The window envelope comes from your Municipal Tax Assessor’s office. Your muscles tense. Your thoughts focus. Wasn’t the mortgage company suppose to handle property tax stuff? Who needs another bill. Your adrenaline has kicked in to help you face this “threat.” It sharpens your focus.
You nervously open the envelope. Its contents scream in large bold font across the top “THIS IS NOT A TAX BILL.” Relief washes over you as you put the notice down, one of the biggest mistakes that homeowners make. Because if you take the time to read and understand this form, you will reduce the amount of taxes you pay on your home for years.
Homeowners in their first year of ownership should pay particular attention. If this is the first year owning your home, then one of the most important things you can do is to make sure that your property is assessed correctly in the first year of ownership. Transfer of Ownership is a significant taxable event in Michigan. Transfer of Ownership includes not only purchases but inheritance, divorce, probate, etc.
Ignoring this can cost you thousands of dollars over the life of your homeownership. The first year of ownership is the only time your state equalized value (SEV) will be the same as your taxable value. The reset of SEV and taxable value can substantially raise a new homeowner’s property taxes during the first two years. That is called the “pop-up tax.”
You want your taxable value to start as low as possible. The only way to get it done is to appeal your property tax assessment. The good news is that it’s not hard to do. Since you just bought the house, you probably have all the documentation you need to make a strong appeal.
Appealing your property tax assessment requires evidence and strategy. Should I appeal? What am I requesting? To answer those questions, you need to understand the four interdependent “VALUES” that control how much property tax you pay. These values change every year. When they go up--as they do more often than not--you will pay more taxes.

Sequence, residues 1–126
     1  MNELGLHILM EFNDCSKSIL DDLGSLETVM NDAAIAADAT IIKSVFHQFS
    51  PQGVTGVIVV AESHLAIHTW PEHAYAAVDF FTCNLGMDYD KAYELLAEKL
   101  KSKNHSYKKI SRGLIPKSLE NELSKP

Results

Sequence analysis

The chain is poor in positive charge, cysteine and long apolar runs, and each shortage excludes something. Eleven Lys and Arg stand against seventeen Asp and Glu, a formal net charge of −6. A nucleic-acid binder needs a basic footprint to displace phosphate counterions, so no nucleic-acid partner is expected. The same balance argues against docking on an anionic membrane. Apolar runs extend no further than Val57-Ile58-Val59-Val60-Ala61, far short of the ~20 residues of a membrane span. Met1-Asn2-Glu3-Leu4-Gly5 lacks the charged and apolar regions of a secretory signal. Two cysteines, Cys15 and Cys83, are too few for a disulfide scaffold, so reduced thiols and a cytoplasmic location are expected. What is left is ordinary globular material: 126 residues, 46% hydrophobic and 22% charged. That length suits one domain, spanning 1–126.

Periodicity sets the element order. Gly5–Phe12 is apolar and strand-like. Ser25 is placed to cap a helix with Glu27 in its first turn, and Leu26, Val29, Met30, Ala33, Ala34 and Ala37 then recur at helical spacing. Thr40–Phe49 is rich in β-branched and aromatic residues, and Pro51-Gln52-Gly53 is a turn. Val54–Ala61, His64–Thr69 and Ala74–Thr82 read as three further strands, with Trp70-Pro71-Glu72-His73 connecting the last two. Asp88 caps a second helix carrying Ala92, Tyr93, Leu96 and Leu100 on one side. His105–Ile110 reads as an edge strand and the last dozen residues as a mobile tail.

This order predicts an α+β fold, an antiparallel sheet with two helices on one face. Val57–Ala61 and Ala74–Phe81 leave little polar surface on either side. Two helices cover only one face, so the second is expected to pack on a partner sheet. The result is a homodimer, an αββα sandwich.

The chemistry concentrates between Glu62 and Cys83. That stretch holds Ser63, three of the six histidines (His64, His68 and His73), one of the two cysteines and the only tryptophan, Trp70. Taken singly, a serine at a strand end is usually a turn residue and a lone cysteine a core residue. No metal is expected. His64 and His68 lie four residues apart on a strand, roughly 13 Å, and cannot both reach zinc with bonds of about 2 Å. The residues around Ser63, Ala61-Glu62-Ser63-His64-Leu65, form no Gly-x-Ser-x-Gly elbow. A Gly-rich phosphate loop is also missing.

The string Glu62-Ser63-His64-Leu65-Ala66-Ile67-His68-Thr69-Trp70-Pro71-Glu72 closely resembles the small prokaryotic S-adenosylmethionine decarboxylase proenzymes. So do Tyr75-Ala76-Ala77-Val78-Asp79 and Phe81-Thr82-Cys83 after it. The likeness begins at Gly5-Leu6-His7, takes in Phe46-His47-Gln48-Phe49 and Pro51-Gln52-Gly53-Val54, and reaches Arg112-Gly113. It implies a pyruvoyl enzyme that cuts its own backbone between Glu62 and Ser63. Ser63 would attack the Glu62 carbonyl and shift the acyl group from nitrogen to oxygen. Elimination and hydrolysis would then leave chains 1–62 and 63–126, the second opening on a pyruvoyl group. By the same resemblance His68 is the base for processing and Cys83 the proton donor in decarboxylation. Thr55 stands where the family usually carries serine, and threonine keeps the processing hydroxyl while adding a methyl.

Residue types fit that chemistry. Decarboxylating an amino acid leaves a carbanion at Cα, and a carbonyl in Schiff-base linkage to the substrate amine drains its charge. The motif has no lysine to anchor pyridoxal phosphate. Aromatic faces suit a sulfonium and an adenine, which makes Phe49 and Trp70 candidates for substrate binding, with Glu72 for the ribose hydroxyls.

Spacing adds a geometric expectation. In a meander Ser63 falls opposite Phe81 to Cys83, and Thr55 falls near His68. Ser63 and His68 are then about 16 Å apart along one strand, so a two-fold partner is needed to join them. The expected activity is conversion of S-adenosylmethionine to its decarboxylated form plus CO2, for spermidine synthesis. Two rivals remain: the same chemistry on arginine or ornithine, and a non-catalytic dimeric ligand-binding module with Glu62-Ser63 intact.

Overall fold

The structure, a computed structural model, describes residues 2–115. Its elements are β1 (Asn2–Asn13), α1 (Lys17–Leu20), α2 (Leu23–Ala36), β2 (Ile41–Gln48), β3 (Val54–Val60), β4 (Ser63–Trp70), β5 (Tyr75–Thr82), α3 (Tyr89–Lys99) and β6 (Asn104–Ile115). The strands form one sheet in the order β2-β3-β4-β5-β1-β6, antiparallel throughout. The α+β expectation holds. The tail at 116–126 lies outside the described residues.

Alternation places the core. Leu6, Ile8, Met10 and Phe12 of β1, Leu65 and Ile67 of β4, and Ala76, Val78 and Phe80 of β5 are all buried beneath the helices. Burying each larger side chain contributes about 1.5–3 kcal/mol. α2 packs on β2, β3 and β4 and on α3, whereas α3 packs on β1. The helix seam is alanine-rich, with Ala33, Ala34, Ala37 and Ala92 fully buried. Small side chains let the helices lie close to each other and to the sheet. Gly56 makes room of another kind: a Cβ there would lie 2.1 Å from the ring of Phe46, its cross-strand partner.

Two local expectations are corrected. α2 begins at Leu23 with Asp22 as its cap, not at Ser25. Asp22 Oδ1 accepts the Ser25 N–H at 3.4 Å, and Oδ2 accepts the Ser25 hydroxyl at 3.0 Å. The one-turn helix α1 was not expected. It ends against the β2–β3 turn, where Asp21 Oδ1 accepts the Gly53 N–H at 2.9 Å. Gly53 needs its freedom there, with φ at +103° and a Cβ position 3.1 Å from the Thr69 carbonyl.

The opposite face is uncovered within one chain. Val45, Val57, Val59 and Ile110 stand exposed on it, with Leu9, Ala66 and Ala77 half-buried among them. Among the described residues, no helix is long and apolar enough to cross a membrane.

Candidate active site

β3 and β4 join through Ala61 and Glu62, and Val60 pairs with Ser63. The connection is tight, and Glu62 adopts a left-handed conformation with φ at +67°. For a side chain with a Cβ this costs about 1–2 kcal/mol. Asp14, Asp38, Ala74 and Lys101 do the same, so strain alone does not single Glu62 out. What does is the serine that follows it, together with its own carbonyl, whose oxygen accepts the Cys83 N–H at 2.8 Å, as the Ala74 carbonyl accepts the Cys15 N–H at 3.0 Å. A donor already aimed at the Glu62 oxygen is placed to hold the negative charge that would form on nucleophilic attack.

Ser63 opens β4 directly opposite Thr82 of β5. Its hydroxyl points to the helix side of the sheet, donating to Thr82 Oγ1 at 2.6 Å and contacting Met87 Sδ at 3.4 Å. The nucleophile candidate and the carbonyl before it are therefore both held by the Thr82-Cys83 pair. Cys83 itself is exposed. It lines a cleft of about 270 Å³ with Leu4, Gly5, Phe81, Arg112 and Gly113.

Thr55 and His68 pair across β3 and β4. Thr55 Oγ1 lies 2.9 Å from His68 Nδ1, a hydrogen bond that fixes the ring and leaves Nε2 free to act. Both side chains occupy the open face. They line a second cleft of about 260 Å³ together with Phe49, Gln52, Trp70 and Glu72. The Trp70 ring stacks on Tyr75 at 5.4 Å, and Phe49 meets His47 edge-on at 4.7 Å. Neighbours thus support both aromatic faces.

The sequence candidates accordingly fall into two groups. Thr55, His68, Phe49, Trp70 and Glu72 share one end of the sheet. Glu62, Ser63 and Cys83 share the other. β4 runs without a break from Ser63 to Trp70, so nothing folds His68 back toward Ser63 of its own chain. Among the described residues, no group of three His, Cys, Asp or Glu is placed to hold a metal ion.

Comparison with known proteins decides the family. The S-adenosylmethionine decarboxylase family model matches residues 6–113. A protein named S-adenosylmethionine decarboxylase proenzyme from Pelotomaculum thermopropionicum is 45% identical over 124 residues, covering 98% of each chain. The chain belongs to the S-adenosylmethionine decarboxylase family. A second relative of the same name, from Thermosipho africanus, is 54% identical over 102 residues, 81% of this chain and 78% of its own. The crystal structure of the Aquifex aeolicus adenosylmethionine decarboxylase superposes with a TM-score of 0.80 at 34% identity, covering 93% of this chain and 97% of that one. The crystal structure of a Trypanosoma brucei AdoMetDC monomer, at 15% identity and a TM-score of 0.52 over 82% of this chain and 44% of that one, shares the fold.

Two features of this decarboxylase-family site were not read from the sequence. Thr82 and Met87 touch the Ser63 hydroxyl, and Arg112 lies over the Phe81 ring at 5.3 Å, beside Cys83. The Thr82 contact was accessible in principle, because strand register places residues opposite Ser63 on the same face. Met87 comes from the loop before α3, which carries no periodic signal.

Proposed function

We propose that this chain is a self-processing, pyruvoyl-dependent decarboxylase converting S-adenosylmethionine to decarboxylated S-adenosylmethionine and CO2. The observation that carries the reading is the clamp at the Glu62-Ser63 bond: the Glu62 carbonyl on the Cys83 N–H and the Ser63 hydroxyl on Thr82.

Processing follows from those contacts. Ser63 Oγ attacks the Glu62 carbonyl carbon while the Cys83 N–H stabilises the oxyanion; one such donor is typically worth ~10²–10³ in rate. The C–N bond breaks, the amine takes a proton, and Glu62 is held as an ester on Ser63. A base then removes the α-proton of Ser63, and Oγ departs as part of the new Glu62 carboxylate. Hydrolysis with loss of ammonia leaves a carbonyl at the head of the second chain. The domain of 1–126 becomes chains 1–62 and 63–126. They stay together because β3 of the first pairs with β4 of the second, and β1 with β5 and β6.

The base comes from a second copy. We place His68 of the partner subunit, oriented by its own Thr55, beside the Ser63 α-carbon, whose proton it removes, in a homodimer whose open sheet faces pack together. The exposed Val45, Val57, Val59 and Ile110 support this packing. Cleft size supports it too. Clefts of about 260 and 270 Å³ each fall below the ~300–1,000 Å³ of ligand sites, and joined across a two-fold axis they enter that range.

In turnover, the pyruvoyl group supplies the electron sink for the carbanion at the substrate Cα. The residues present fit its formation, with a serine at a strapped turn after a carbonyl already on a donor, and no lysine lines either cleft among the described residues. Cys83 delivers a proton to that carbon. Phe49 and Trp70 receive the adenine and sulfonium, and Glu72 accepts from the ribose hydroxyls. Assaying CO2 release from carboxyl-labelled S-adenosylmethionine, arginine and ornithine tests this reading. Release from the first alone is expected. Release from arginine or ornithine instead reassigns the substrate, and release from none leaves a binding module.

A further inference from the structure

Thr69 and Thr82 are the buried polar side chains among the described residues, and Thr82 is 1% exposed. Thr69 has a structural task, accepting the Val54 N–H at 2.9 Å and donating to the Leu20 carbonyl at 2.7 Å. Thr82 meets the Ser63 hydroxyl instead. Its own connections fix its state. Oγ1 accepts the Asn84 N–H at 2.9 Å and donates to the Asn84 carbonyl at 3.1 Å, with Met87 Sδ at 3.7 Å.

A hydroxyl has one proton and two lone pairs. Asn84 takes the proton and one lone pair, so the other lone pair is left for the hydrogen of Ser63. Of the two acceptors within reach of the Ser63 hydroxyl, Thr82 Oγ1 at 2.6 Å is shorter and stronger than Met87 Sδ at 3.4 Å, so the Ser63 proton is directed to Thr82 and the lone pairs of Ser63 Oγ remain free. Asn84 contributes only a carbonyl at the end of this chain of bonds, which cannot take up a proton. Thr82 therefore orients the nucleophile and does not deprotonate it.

Here is a quick overview of the values. Follow the links for more details.
1. True Cash Value (TCV) The price your home would sell for in an arm’s length transaction between a prudent buyer and prudent seller.
So if you look at all four, it is the taxable value (TV) that determines your property tax-paying destiny. The lower you get taxable value, the less tax you pay. Take note that you can successfully appeal to lower your SEV, AV, and TCV and still not change the amount of taxes you pay. The longer you have owned your home, the more likely this is the case.
The most significant difference in the four values is Taxable Values are capped. In contrast, True Cash Value, Assessed Value, and State Equalized Value are unrestrained. Proposal A insulates homeowners from the risk of rapid property appreciation taxing them out of their homes. It also can create significant disparities between Taxable Value and State Equalized Values for long term homeowners.
So if you cannot get your SEV below your Taxable Value your taxes will not go down. Don’t appeal. To lower SEV, you must lower AV. To lower AV, you must lower TCV. That requires proof of a lower valuation from you.
Now that you have decided to appeal your Michigan Property Taxes
The Board of Review is also responsible for hearing appeals of residents who are unable to pay property taxes due to their financial situation. The Board of Review also meets in July and December only to consider hardship applications, correct mistakes, grant hardship exemptions for late filers, and to reinstate rescinded exemptions.
There is a lot of anecdotal evidence of success in appealing property taxes.